The Global Operations Team’s Design Committee is excited to present some new additions to the Standard Format’s restricted list, which will come into effect on January 1, 2022! But before we get to the nuts and bolts, a reminder of our policy, when considering which cards to address in these updates.
When considering which cards to restrict, we tend to look at cards that are significantly above-curve, or at cards that are becoming ubiquitous. If two or more cards interact with each other in an abusive way, we instead use pods, to address the interaction without affecting a deck’s ability to use the cards individually in their intended way.
That said, we found ourselves faced with a situation where one card was not only becoming ubiquitous, but was forcing one of the most interesting parts of this game – the plot deck – to become almost uniform across a large percentage of decks. This, despite the fact that the typical opener for such a deck (At the Gates) was already restricted.
Ever since its inception, the card has simply done too much to guarantee a stable economy, such that other considerations for an opening plot fall considerably short. When combined with Gulltown, it became far too easy to guarantee a one-two punch of unheard-of economy, with City Festival already meeting the “two-city-plot” requirement after a single turn, followed by City of Spiders to repeat the effect later.
While we could have tried to address the situation with further restrictions or podding, all such suggestions had the potential to just be a band-aid on the situation – or to only address one or two specific decks, rather than the root cause.
We have therefore decided to take the drastic step of banning At the Gates. Our hope is that this will allow for a wider range of plot deck choices, while still allowing decks that wish to pursue the City plotline to attempt it honestly. Gulltown is being left alone for the moment – if a deck wishes to accelerate their City plots, they may still do so, but they will have to either run multiples of Gulltown, or find another way to get it into play that doesn’t also serve as an accelerant itself. We also hope this will serve to address the Martell decks that have sought to inflate the number of plots in their used pile, without completely removing their ability to do so.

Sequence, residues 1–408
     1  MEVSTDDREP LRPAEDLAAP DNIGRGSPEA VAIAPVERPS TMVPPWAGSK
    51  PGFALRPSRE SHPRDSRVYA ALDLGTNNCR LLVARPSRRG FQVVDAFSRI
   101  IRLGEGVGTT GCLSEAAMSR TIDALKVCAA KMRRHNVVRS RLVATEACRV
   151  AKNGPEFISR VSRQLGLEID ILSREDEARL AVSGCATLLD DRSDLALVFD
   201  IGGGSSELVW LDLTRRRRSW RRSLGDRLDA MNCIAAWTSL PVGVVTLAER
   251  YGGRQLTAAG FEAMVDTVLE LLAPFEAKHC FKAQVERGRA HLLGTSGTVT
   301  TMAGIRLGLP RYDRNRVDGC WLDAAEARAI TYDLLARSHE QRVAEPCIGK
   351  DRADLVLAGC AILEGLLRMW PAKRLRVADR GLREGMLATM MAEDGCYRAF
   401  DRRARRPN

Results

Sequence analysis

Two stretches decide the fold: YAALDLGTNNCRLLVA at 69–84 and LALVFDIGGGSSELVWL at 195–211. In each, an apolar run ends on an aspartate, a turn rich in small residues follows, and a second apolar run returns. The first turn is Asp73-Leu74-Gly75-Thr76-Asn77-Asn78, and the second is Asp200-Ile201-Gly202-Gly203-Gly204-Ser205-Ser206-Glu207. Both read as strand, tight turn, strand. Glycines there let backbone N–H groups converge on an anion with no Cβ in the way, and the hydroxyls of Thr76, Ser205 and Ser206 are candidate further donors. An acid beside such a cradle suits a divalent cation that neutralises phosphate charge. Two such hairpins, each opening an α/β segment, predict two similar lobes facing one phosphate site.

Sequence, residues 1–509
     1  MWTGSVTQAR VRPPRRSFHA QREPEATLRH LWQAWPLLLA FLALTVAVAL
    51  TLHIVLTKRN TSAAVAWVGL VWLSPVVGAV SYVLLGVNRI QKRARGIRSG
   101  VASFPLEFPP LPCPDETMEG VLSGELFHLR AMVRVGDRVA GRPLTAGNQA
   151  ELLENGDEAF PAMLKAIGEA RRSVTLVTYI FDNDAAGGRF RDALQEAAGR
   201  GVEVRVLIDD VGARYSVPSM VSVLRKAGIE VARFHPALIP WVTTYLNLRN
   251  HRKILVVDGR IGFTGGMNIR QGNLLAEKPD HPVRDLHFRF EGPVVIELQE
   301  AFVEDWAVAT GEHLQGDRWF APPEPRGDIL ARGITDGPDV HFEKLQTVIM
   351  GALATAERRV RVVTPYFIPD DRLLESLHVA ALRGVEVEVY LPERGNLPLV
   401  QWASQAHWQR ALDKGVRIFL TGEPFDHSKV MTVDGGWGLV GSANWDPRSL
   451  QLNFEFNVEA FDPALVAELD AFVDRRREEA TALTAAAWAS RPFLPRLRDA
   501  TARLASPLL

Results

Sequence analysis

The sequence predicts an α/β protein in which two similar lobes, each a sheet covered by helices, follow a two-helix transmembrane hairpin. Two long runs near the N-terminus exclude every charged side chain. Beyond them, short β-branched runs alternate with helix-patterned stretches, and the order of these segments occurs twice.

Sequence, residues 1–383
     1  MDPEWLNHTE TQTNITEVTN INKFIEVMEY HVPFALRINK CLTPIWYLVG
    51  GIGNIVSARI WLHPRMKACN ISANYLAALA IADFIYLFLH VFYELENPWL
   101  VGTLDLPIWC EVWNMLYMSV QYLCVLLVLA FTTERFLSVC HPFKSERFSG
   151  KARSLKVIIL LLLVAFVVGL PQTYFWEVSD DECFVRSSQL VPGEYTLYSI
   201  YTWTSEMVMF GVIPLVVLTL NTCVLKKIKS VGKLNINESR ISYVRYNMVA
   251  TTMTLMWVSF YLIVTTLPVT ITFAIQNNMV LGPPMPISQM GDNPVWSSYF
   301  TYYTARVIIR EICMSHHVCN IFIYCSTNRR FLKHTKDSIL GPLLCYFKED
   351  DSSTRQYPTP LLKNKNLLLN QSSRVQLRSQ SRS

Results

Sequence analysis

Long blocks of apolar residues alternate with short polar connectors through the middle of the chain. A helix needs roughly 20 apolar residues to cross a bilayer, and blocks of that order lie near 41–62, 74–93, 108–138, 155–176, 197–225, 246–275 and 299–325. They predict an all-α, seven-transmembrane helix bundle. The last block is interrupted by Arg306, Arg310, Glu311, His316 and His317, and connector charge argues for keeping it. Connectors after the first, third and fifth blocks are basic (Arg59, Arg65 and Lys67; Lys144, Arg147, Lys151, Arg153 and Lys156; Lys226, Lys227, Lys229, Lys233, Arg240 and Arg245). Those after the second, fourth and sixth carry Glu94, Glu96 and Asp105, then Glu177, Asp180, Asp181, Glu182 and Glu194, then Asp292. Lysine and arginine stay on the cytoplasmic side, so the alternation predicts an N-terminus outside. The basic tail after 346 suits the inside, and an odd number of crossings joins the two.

With that, we continue to the updates of the Standard Restricted List:
In our last update, we sought to address the ascendancy of Tyrell, by restricting their economy in the form of The Bounty of Highgarden. However, many of the most powerful effects currently seeing play in Tyrell actually ignore economy entirely, by putting cards directly into play without paying their gold cost. As such, we are adding two of these cards to the Restricted List – and while neither of them belong to the Tyrell faction, it was Tyrell that was able to get the most use out of them.
Ser Boros Blount’s ability to temporarily put another character into play is fine in a vacuum, but there have proved to be too many ways to return him to hand or to shadows and re-use his ability – and while the free card is supposed to end up in the discard pile, cards like The Iron Bank Will Have its Due or The White Swords either avoid this downside, or turn it into an upside.